Demand for cyber security talent has exploded in recent years. According to Burning Glass, the number of cyber security jobs has grown 94 per cent in just six years. Suffice to say, there have been many changes in this sector over the years. We sat down with some of ARM's Cyber team to chat about this exciting and fast-paced industry.
What cyber used to look like
Eleven years ago, when cyber was just a buzzword, our Cyber team was a small part of the IT department. Three of the longest-serving members of the team: Tom (Sales Manager), David (Principal Consultant) and Claire (Senior Consultant), told us what the industry used to look like.
“When I joined the business," said Tom, "information security / cyber security was on the agenda for many of our clients, but in eighth or even ninth place. However, as the breaches became more mainstream and started to affect the general public, we saw the significance of information security and securing your data skyrocket. More importantly, nowadays, everything is technology based; your internet history and conversations are being tracked and recorded. Now cyber is one of the top three subjects, which is of course good news for me and my team!”
Claire agrees: “People used to recruit after cyber attacks had happened. Now, we work with clients to secure talent that will work to ensure they are doing their upmost to be proactive in preventing attacks and breaches.”
“When companies got breached six years ago,” David adds, “they did everything to keep it confidential, but now there’s a lot more awareness. Businesses must report certain types of personal data breach to the relevant supervisory authority within 72 hours of becoming aware of the breach (ICO). Companies ask for help growing their teams in order to prevent their competitors attack from happening to them.”
Responding to cyber changes
As the market developed, along with demand, ARM grew this small IT sub-sector into a separate niches which operate globally:
- Identity and Access Management (IAM) & public key infrastructure (PKI)
- Threat & Vulnerability Management
- Cyber Security & Technology Sales
- Security Analysis & Operations
- Incident Response and GRC ( Governance Risk & Compliance)
- Network & Perimeter Security.
“Working in our niche sectors is how we develop both candidate and client networks," said Tom, "meaning that we can quickly ensure we are talking to the right people, as opposed to jumping between different skill sets. That said, we always look to grow new sectors and plan to do this over the coming months."
Tom went on to say: “As well as building up candidate networks, our niche sectors ensure that we are aware of trends around geographical hotspots for talent, salaries and day rates alongside new technologies, certifications and practices.”
Candidate shortages - and building relationships
Today, however, the main difficulty is helping clients secure the right talent, even once they have been identified.
“There is a shortage of talent, so in most cases we have candidates with two to three opportunities on the go, either via us, other consultanices or direct with clients,” Tom laments. “Therefore, we are keen to create long-term relationships with both clients and candidates, to ensure there's trust and understanding between the parties, which then result in successful placements.”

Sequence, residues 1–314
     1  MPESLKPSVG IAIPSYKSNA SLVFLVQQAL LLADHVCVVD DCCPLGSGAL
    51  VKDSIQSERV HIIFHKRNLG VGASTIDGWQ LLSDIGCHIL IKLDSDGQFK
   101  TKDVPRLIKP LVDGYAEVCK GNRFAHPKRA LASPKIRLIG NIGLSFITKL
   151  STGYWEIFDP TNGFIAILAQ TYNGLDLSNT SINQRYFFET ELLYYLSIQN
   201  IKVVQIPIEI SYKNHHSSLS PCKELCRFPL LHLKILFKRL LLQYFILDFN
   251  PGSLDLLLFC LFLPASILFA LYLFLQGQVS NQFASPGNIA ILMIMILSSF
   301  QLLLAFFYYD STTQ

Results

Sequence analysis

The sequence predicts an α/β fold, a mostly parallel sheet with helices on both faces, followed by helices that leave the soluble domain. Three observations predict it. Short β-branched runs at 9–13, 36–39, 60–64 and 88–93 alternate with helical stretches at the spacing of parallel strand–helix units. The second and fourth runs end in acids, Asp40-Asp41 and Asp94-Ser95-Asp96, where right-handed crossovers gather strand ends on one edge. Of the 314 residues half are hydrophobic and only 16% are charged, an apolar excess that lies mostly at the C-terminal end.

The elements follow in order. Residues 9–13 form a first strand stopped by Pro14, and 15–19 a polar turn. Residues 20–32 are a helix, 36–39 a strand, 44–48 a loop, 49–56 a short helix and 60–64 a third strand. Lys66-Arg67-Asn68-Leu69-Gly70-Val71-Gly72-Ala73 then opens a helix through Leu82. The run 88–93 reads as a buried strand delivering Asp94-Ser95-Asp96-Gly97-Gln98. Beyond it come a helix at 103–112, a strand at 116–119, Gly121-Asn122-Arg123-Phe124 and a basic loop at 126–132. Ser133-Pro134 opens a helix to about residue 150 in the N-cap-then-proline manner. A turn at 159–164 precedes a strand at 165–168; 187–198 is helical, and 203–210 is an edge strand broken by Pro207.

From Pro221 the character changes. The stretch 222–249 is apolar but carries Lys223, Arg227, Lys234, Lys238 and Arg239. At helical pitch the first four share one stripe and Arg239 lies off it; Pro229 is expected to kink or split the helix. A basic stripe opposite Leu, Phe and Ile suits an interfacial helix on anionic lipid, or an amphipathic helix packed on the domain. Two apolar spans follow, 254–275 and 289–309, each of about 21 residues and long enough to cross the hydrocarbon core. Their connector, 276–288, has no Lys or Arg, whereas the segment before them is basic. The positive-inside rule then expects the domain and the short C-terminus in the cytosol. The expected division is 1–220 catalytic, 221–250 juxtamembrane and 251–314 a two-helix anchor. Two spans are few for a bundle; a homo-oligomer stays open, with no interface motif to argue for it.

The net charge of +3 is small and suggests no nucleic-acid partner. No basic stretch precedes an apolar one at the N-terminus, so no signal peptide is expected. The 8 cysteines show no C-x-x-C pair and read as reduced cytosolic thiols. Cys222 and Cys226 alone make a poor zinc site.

James, our pen testing consultant, agrees: “Candidates in my area are usually very into geek culture - just like me! I like to think candidates trust me and we build long-lasting bonds, because we think very similarly and they hopefully see how knowledgeable I am. Hopefully they will work with me because we have this common ground and trust."
The team estimates that around 70 per cent of their work is based on getting to know candidates' strengths and interests, partnering them up with the right organisations and providing training where needed. In certain areas, candidates need to exhibit competence in a specific area, e.g. have relevant experience or knowledge of frameworks and legislation. In general, though, the team focuses on candidates' attitudes, as opposed to experience, to maximise the potential for clients.
James has a perfect example: “One guy I worked with had no real world experience in penetration testing, but had a military background and an OSCP certification. These two attributes, combined with his enthusiastic, infectious personality and naturally consultative behaviour, helped him to secure a role in the cyber security industry over other more traditionally skilled candidates, due to the potential that he demonstrated.”
Invest in knowledgeable people
Of course, the biggest risk to everyone will always be the bad guys - those who invent new, potential threats again and again, so there’s no metaphorical finish line in solving the problem. That's precisely why businesses must not rely solely on technology, but invest in knowledgeable staff, after all, it's people who offer the next level of protection.
Meanwhile, the Cyber team continues to find talent, provide insights and help businesses future-proof themselves against whatever might be lurking around the corner.
“We're always open to hiring new talent, but I look for people who are really passionate about their sector," Tom concludes. "You have to want to learn, read articles and really listen to your clients and candidates. Recruitment can be relatively simple once you understand your marketplace, but that takes time and you are always developing that knowledge. Technology never stands still so we have to be agile and always take steps to increase our knowledge.”
If you'd like to be part of our team, check out our latest vacancies or email our internal recruiter: firstname.lastname@example.org.